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Valkyrie

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  1. With FM, you just got to do a lot of preparation on your own while in residency in addition to the core training. This continues on into the first 5 years out into practice. You want to be in a busy FM program that gives you a lot of variety in core areas of FM. A relaxed program is great but if it's too chill you're going to become complacent. Residency ain't supposed to be easy, and the harder you work during it, the more you'll feel ready. That's how I feel halfway through R1.
  2. On week 4/8 of my pediatric rotation. So far holding out... I did get sick on peds as a medical student though. I'm wearing a mask to see a patient regardless of precautions. Hand sanitizer and handwashing a lot and Cavi-wiping steths, pens, etc. frequently.
  3. I've heard ~18 (15 last year) as the number at my program. Friend at UofA says ~9-10. Unofficial data.
  4. If one doesn't hear from UAlberta FM re: interview invite or decline, is that assumed decline? Or historically have they kept a waitlist or released in batches?
  5. Hello, For the program specific Custom CVs, could someone provide some insight into how one should tailor towards a specific program? And how much should this custom CV differ from the generic CaRMS CV that everybody enters online? Lastly, is it generally agreed that one should only include extra-curricular activities post-undergraduate? Thanks in advance.
  6. You can scan and fax them an unofficial copy while you send the official one. Some will accept it some won't.
  7. Didn't apply to Columbia. I went 3/4 on Interviews. I was accepted at UDM (Dec 2nd) and BU. NYU waitlisted, but didn't really bother after other offers to get in. I think shadowing over an extended period of time is good as it shows your commitment. It's more about how you describe your experiences and what you got out of it. I would say that GPA/DAT are important, but the Ivy Leagues are different in the sense that they look for well-rounded and unique candidates that are interesting. Athletics, volunteering, music, unique experiences, travel etc. I found that other schools didn't emphasize this as much, especially during the interview. I think the UPenn secondary app is really important, it is where you can tell them all about yourself and your passions for dentistry and outside of dentistry. Oh and Corky (Admissions) phones you personally to give you your offer, it's super awesome. I was writing a midterm and I missed the call for obvious reasons. Checked the area code, was from Pennsylvania, and was elated. Phoned back, and boom, she gave the acceptance. Will remember that day for the rest of my life haha, not the crappy midterm that I had bombed P.S. There were 2 Canadians interviewing my day, and we both got in We're just super awesome that way.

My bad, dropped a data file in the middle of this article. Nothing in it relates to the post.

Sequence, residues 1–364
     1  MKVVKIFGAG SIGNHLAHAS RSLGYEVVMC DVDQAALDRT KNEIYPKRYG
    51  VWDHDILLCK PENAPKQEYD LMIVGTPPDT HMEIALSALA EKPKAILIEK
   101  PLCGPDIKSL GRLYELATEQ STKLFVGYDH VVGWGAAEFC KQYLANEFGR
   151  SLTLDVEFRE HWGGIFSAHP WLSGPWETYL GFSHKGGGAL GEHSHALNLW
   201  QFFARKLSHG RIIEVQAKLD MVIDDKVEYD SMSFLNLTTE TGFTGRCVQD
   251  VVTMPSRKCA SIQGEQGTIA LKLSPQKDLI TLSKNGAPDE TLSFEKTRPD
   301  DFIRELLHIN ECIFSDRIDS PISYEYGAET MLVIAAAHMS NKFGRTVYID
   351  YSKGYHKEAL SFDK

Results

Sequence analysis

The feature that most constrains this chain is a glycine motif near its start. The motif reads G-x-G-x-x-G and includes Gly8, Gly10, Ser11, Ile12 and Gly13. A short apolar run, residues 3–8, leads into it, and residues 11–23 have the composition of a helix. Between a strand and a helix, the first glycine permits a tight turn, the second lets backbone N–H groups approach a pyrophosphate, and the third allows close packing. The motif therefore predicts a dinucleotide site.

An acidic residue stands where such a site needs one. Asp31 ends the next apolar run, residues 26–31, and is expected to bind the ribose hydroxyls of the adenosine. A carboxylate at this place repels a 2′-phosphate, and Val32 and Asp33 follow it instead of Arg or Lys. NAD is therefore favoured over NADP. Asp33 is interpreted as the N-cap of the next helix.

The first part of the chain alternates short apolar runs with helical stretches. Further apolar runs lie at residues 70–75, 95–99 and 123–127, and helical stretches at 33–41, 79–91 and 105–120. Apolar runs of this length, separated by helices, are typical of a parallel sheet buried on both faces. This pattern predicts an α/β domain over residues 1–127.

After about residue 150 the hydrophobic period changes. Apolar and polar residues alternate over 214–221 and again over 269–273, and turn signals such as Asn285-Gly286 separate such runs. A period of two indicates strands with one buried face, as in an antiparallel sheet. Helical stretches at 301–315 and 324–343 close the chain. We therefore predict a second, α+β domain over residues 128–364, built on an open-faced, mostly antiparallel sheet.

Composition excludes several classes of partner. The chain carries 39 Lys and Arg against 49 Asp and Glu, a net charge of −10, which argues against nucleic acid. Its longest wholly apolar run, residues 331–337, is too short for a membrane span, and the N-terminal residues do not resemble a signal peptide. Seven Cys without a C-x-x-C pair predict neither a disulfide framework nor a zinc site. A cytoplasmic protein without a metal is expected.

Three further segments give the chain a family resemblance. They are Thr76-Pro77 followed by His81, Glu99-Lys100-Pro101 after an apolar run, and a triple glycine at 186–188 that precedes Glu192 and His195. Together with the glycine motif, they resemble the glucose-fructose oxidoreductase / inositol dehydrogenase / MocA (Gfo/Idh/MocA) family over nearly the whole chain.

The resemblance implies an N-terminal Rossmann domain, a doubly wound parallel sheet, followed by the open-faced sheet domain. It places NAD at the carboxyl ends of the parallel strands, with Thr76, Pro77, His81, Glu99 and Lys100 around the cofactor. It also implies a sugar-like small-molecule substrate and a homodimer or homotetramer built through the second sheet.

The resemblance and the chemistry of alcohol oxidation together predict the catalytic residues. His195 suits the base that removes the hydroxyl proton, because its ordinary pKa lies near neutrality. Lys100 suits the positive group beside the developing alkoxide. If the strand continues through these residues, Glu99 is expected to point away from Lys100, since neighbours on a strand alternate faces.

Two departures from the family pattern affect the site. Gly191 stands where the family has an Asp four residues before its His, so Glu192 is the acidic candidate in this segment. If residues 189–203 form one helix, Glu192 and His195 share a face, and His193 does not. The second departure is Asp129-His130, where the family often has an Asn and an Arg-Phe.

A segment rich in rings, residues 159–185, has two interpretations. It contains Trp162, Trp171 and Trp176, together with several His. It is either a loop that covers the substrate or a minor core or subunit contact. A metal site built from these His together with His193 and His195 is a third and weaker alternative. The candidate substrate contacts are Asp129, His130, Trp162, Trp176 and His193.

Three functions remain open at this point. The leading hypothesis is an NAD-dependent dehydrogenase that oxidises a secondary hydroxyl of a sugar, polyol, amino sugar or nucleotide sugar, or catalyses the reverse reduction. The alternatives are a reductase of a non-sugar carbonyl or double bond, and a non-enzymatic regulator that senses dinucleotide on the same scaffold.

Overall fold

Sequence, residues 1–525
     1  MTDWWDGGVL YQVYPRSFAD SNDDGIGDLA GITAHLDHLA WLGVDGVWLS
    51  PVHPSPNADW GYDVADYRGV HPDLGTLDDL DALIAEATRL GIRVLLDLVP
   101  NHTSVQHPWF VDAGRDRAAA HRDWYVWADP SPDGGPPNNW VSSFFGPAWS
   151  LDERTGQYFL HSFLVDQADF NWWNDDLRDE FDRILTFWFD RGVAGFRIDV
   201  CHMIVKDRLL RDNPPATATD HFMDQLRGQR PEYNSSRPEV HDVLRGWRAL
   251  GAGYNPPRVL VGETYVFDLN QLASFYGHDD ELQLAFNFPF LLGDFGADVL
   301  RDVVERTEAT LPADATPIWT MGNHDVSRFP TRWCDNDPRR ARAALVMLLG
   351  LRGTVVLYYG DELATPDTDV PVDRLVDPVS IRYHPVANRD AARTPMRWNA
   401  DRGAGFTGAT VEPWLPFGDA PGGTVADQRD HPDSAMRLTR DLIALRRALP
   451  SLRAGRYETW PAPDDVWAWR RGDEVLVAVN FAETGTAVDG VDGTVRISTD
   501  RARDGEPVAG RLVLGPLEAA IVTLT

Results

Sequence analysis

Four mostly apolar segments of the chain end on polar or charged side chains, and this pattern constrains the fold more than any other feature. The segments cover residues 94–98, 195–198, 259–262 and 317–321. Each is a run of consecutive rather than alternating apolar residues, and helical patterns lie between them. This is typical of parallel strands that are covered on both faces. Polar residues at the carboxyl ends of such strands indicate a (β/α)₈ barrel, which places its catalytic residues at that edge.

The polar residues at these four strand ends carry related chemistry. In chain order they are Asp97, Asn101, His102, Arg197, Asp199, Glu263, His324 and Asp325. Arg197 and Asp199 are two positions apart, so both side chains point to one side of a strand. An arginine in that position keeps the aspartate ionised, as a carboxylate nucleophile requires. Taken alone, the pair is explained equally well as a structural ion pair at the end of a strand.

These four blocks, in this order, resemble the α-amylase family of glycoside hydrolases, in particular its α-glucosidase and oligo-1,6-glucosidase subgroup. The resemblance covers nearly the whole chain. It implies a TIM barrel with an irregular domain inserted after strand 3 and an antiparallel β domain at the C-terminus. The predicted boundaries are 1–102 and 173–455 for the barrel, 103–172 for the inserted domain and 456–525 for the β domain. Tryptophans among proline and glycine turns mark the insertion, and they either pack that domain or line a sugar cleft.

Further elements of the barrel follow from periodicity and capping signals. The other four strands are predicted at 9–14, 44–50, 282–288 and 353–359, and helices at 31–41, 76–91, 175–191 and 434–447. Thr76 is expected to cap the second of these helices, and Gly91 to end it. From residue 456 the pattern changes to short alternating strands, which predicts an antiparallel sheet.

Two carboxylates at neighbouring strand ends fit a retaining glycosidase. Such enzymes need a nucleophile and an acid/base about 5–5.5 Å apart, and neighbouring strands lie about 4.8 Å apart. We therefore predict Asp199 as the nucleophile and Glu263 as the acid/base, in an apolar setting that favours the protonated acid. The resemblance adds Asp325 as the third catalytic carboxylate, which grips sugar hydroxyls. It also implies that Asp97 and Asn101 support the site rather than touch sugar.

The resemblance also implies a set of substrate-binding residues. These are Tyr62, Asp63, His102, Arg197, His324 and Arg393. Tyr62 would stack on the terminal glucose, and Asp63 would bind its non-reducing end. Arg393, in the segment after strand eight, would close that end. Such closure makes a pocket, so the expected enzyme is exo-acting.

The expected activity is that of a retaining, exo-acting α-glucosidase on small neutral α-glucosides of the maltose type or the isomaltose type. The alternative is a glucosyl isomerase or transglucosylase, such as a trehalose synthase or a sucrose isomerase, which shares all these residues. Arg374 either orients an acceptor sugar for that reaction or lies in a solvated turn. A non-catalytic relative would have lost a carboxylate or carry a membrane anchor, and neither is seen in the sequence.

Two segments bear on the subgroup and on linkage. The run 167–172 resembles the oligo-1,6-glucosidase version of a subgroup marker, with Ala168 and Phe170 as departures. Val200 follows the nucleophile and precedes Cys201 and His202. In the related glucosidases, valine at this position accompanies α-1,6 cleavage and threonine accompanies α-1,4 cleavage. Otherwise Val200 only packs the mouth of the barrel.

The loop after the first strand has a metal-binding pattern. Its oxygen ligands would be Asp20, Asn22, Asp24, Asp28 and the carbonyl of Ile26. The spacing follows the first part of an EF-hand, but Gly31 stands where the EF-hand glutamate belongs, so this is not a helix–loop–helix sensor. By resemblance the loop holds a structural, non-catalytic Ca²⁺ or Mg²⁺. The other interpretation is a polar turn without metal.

8. GPA was 3.7-3.8, forgot how it was adjusted by AADSAS. AADSAS submitted 2nd week of June. Secondary app submitted end of June. Wrote American DAT July 30th, and it was released end of August. American DAT: (Score, Percentile) PAT 22, 93.4 QR 24, 99 RC 24, 89.8 Bio 23, 97.4 GC 22, 91.8 OC 21, 85.7 TS 22, 95.6 AA 23, 98.7 I also wrote the Canadian last November, and scored the same across the board. I interviewed 2nd week of January, but was notified of interview in November. I found out 2 weeks later end of January, and it was probably the best day of my life Everybody is smart who gets interviewed. Once you're at the interview, it's what you're going to bring to UPenn and how the school can help you achieve 'great things' in Dentistry at a local, national, and global scale. Hope that helps! It sucked turning the offer down for sure, but I'm glad I chose what I'm doing now.
  9. I got in last year, but declined. Opportunities, facilities, and teaching are all good. It's top notch. The facilities for first years was a little old though.
  10. The MMI is fun. Enjoy the process and relax. You can prepare to familiarize yourself with the thought processes and get used to the timing etc. Otherwise, be well read and interesting with your answers. Draw from current events, life experiences. You'll be able to talk forever, and you'll feel like you wish you had more time as the conversation gets going. This is the best part of the application process. Interviewers can see your stress/fear, so just be yourself and that'll be reflected in your score. Oh, and smile
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